Julien Vincent

Julien Vincent
Julien Vincent, activist
Cool, he’ll do the maths

EARLY ONE FRIDAY in December 2013, Julien Vincent was standing on a balcony at the Melbourne Convention Centre, with one eye carefully on the time and the other on the large foyer below. Standing next to him was Felix Riebl, lead singer of the Cat Empire and a long-time advocate of action on climate. Hundreds of shareholders were arriving for Westpac’s annual general meeting. Meanwhile, another dozen or so climate activists dressed in smart corporate suits were taking their places at strategic points around the venue. All watches were synchronised.

At precisely 10.15 a.m., when unsuspecting shareholders were enjoying tea and coffee, two massive banners unfurled from balconies above their heads. Hundreds of astonished faces looked up to read the enormous message asking Westpac’s CEO, Gail Kelly to DIVEST by 1) banning all loans to new fossil-fuel projects and infrastructure, and 2) ending any investments in fossil-fuel companies. As security guards scrambled up the escalators towards the activists holding the banners, Julien and Felix calmly slipped down some side stairs.

Meanwhile, security guards were surrounding a third activist, trying to prevent her from entering the meeting. This activist was easily identifiable because she had earlier been holding one of the banners. However, she knew her rights better than the guards did. ‘Gentlemen’, she said pulling out her mobile phone, ‘by blocking me from entering, you are in breach of the law and I’m going to call the police.’ She explained that she had been given a ‘proxy vote’ by a Westpac shareholder to ask an important question of the board.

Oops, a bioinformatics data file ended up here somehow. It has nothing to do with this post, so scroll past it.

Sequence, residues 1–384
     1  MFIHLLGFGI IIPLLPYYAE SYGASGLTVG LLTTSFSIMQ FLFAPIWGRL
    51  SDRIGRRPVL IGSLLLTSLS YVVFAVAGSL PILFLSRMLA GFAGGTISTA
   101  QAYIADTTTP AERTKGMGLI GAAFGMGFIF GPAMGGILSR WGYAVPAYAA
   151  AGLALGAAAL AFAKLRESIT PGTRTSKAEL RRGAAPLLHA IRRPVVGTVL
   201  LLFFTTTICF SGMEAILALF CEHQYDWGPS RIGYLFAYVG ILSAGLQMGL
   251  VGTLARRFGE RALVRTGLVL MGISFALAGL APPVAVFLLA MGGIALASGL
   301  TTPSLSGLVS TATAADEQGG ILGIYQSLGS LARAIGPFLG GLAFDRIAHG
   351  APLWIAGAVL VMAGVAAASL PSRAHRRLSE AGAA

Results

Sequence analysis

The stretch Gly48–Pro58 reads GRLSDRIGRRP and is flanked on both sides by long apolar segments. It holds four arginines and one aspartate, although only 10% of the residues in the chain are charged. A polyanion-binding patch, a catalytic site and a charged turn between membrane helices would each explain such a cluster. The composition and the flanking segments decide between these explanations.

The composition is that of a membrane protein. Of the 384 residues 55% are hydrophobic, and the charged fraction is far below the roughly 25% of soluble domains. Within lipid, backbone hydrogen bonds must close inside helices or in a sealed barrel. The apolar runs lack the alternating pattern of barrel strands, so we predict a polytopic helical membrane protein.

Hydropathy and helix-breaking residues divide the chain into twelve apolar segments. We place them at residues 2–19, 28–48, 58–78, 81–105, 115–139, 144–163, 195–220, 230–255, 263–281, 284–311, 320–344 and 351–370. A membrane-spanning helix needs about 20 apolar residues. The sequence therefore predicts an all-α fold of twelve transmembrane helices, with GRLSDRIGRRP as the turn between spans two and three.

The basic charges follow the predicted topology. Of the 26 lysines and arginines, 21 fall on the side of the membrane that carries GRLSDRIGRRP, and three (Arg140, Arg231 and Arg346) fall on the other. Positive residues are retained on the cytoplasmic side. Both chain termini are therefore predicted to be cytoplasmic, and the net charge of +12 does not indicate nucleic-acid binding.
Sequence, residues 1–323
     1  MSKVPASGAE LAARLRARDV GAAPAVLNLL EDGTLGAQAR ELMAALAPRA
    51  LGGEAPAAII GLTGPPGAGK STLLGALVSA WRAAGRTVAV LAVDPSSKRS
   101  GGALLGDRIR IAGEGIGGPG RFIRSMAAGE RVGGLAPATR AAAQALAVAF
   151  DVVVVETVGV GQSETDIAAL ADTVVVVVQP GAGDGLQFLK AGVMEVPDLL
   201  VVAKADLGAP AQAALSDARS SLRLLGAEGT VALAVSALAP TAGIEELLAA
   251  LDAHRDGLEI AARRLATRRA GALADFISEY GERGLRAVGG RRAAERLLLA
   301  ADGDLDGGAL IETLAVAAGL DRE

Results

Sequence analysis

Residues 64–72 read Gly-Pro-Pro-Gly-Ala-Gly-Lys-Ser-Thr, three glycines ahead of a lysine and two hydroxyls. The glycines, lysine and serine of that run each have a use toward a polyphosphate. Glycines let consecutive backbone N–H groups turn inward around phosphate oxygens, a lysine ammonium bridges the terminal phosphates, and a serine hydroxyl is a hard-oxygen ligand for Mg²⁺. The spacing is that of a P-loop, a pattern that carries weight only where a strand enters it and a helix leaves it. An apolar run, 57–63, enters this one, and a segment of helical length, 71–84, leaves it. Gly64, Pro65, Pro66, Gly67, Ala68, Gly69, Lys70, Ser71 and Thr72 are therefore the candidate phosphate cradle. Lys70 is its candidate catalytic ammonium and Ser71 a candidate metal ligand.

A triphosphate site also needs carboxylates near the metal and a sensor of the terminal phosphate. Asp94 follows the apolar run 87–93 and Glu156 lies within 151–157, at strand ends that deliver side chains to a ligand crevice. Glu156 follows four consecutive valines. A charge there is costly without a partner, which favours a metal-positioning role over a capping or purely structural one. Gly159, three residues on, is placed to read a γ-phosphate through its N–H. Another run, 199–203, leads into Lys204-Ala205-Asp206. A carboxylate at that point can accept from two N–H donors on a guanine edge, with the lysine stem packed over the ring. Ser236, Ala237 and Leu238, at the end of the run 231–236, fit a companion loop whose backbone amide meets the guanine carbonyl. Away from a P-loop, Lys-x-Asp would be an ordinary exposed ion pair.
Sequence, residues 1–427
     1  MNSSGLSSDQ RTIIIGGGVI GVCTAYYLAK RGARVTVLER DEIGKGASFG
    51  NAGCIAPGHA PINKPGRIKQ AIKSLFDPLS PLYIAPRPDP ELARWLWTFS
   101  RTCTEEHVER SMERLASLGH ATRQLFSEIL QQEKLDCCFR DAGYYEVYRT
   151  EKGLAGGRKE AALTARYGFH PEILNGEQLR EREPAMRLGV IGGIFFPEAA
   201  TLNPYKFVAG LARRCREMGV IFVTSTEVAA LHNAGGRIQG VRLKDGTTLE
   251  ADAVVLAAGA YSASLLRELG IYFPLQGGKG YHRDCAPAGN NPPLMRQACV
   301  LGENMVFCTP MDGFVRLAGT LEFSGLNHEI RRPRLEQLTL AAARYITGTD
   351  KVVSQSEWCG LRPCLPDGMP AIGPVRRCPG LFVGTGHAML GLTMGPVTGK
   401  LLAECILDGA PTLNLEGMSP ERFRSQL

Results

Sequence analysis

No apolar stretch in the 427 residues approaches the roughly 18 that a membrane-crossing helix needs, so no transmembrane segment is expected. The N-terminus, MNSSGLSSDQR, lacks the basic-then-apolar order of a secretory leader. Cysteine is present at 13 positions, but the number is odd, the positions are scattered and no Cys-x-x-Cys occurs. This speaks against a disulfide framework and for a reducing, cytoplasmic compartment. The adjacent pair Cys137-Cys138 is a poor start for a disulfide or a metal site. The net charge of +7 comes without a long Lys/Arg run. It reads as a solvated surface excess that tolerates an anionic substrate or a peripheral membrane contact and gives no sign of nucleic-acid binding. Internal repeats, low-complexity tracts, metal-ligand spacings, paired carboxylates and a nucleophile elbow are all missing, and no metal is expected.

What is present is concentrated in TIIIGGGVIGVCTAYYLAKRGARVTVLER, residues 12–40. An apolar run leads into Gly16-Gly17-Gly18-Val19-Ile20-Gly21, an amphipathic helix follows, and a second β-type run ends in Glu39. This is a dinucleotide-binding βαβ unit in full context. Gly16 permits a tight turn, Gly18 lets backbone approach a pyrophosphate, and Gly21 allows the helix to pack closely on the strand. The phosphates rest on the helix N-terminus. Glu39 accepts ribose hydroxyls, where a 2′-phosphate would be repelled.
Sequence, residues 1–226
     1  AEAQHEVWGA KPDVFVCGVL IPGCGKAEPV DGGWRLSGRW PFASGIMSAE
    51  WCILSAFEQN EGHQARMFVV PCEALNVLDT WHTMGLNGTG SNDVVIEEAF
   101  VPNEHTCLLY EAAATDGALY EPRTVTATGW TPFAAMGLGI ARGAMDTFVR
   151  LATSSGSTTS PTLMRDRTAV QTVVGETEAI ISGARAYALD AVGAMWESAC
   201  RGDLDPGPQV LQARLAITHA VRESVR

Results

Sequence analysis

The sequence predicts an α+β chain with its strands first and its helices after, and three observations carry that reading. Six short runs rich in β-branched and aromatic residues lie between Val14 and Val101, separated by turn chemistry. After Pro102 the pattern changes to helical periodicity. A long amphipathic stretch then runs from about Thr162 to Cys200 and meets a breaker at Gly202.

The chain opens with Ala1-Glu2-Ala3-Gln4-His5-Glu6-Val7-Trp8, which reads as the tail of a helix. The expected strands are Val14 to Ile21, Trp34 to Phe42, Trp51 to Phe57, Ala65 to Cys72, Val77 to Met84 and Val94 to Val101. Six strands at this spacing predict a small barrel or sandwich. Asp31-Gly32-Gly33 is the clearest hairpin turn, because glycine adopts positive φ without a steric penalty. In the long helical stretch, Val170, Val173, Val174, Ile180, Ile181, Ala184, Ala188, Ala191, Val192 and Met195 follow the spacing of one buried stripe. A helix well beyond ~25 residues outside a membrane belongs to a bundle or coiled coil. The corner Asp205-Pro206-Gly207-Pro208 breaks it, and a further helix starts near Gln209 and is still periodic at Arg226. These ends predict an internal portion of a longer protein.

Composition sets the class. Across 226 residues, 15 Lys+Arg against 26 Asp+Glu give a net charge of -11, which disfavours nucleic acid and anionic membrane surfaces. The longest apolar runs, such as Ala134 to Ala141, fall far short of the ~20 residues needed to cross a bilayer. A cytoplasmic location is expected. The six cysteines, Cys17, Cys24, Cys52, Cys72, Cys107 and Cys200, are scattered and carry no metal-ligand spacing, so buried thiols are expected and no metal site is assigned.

Questions of value

When question time arrived, the activists joined a small queue of people wanting to question Westpac’s board of directors. Julien had scripted their questions so as to inform shareholders in the audience of the financial risks associated with Westpac’s high exposure to fossil fuels. A key message was that many countries are trying to avoid high-carbon investments, which means these investments will lose value. In other words, whether or not you care that fossil fuels are frying the planet, sooner than expected you could be left holding carbon-heavy shares that no one will buy. Nobody present at the meeting could have misunderstood the warning.

As usual, Julien had carefully considered how every moment of the raid on Westpac’s shareholders should best unfold – including contingency plans – and had thoroughly briefed all activists involved. Having spent six years in a professional role with Greenpeace, Julien is a strategic and methodical planner.

Julien is the Lead Campaigner at marketforces.org.au

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